The Chicago Syndicate: Former Buildings Commissioner Eric Ulrich Accused of Trading Favors for $150,000 in Bribes in Organized Crime Connected Charges
The Mission Impossible Backpack

Thursday, September 14, 2023

Former Buildings Commissioner Eric Ulrich Accused of Trading Favors for $150,000 in Bribes in Organized Crime Connected Charges

Eric Ulrich rose through the ranks of city government with modest momentum, first elected as a city councilman before Mayor Eric Adams appointed him a senior adviser and, finally, his commissioner of the Department of Buildings.

At each stop, prosecutors with the Manhattan district attorney’s office said on Wednesday, he used his positions to benefit friends and associates, and harvested more than $150,000 for himself. They said he reaped New York Mets season tickets, a custom suit, a painting by an apprentice of Salvador DalĂ­ and cash for gambling.

The district attorney, Alvin L. Bragg, said in a statement that Mr. Ulrich had accepted or solicited the bribes over just two years. And a court filing said that Mr. Ulrich had engaged in conduct antithetical to his oath of office “on an almost daily basis.”

“At every possible turn,” Mr. Ulrich used his taxpayer-funded positions “to line his pockets,” Mr. Bragg’s statement said. At an afternoon news conference, the district attorney said that “Eric Ulrich’s duty was to the people of the City of New York, not his friends, not his associates and certainly not himself.”

Mr. Ulrich, 38, who faces 16 felony charges including counts of conspiracy and bribe-taking, pleaded not guilty, as did five other men who prosecutors say participated in the scheme. A sixth man was showing symptoms of Covid-19, his lawyer said, and is to be arraigned later this month.

Taken together, the five indictments that bear the charges portray Mr. Ulrich as a one-stop fixer who, after rising to the highest levels of municipal government, reached into more than a half-dozen agencies to expedite restaurant and building inspections, assist with licensing problems and arrange jobs and raises.

Mr. Ulrich’s lawyer, Samuel M. Braverman, said in a statement after the arraignment that his client maintained his innocence and that “today’s proceedings do nothing to change that — his integrity remains intact.”

“When thousands of phone calls and documents are cherry-picked and cut into small bits, and then viewed with eyes biased toward guilt, anyone can be made to look bad,” he added. “Mr. Ulrich unequivocally denies these charges and looks forward to his day in court where only the evidence matters, not charging documents or press releases.”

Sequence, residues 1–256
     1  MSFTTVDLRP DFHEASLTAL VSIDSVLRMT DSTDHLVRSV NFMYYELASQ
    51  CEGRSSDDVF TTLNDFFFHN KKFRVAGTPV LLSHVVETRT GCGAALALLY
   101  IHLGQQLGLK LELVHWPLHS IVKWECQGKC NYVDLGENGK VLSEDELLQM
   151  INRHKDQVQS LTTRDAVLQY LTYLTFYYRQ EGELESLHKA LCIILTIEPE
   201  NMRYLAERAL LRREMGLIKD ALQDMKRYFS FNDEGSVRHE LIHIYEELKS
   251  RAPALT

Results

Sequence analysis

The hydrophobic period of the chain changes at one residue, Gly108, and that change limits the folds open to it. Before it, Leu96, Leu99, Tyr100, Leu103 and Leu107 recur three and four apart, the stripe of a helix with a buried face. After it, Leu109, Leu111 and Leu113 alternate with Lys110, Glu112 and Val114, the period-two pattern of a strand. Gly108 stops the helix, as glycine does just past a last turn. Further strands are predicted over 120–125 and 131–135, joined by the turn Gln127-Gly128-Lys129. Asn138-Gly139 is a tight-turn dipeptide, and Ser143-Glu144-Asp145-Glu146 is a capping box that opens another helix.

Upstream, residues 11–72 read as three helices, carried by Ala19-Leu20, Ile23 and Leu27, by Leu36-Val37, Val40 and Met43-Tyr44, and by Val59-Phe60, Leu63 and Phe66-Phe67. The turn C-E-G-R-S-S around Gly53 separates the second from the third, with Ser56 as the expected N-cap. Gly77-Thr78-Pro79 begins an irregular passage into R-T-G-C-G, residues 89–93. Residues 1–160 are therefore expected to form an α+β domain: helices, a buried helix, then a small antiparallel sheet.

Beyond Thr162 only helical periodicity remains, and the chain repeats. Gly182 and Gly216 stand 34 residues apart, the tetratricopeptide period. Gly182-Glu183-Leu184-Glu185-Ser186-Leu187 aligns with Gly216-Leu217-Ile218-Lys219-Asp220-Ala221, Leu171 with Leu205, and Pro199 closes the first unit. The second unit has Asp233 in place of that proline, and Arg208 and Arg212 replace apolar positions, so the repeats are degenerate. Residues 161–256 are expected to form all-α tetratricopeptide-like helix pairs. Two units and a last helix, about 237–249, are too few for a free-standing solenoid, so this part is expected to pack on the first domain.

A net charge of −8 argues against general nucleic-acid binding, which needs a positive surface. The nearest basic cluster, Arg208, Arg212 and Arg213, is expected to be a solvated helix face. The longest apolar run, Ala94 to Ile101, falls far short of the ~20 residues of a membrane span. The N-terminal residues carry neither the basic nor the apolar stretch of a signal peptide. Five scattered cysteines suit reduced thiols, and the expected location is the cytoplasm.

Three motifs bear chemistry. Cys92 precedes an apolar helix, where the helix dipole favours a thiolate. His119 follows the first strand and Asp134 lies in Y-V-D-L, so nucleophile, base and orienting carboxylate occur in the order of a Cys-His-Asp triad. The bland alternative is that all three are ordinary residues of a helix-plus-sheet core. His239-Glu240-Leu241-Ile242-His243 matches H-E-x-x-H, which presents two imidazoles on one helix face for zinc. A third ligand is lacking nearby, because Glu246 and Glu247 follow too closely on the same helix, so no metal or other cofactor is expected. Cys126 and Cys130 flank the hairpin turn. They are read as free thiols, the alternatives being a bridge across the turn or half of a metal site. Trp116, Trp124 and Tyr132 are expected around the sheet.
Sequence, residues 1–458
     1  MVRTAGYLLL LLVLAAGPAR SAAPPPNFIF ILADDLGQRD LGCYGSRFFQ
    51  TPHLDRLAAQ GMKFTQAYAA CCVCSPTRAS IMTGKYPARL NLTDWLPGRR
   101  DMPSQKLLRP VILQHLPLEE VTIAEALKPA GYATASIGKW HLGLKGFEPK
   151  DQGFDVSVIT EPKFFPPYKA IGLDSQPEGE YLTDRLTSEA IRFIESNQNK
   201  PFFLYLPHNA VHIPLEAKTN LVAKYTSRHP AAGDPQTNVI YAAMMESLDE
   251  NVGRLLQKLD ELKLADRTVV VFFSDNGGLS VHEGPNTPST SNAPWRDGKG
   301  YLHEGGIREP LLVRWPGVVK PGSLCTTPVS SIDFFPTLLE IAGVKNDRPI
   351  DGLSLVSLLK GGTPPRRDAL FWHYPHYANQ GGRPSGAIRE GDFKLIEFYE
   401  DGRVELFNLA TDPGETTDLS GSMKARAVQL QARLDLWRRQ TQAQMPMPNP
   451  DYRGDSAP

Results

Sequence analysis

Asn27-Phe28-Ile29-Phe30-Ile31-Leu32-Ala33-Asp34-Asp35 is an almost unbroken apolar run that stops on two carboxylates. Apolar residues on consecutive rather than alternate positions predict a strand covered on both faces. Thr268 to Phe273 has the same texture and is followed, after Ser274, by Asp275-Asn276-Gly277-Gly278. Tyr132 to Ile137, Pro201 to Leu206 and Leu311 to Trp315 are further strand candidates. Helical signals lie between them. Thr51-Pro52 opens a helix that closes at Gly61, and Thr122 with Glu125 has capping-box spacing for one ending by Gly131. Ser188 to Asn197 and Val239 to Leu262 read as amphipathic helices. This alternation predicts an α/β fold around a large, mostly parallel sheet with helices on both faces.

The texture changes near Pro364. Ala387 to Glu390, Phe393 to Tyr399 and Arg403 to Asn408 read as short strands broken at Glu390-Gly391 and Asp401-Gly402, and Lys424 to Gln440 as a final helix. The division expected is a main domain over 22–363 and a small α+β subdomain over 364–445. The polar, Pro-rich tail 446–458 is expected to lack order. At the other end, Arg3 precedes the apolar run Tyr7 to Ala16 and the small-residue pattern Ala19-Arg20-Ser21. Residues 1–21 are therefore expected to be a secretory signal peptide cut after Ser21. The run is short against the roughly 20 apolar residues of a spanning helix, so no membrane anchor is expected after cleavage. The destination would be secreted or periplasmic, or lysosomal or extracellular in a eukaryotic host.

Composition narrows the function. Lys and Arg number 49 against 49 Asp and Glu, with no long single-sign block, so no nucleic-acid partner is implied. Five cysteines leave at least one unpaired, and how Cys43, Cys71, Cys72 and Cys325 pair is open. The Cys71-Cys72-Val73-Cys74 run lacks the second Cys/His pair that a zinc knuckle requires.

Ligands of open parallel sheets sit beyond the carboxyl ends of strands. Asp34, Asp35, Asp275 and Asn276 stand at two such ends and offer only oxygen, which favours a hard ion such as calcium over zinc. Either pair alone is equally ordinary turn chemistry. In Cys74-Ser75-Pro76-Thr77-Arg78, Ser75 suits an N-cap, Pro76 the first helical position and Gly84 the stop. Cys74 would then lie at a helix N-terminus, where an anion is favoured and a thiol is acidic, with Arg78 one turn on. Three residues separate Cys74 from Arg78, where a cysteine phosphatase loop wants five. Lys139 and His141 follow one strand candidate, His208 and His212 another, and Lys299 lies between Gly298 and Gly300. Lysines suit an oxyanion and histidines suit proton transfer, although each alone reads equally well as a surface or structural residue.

The head of the city’s Department of Investigation, Jocelyn Strauber, said that Mr. Ulrich had promised the six other defendants such favors with little hesitation.

“When a public official puts New York City up for sale and uses their government office, influence and relationships to enrich themselves, they will be held accountable,” she said at the news conference.

The mayor was not charged or implicated in any wrongdoing. But the investigation has put him in an uncomfortable position. He appointed Mr. Ulrich despite a letter the councilman wrote on behalf of a constituent with ties to organized crime, and despite his acknowledged gambling and alcohol addictions. Mr. Ulrich and three of the other defendants hosted an August 2021 fund-raiser on the mayor’s behalf.

Asked whether Mr. Adams regretted appointing Mr. Ulrich after the indictments were made public, a spokesman for the mayor said, “We always expect all our employees to adhere to the strictest ethical guidelines.” The mayor’s statement on Wednesday reasserted that his office would continue to assist Mr. Bragg.

The arraignment Wednesday afternoon in New York State Supreme Court was a crowded affair, with Mr. Ulrich, the other defendants and their lawyers clustered around the table as the docket numbers for the five indictments were read out. Throughout, Mr. Ulrich sat at the table, wearing a flannel jacket and gray slacks. Prosecutors asked the judge, Daniel Conviser, to impose mild restrictions on Mr. Ulrich’s travel, which the judge agreed to do.